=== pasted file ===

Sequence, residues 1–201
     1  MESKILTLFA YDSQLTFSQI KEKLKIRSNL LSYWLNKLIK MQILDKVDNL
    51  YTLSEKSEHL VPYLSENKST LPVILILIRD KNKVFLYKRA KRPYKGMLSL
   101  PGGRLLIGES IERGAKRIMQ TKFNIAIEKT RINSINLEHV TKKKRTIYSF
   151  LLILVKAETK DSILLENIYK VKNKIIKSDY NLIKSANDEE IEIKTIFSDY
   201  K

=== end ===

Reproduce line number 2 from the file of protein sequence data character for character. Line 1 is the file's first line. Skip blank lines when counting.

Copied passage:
     1  MESKILTLFA YDSQLTFSQI KEKLKIRSNL LSYWLNKLIK MQILDKVDNL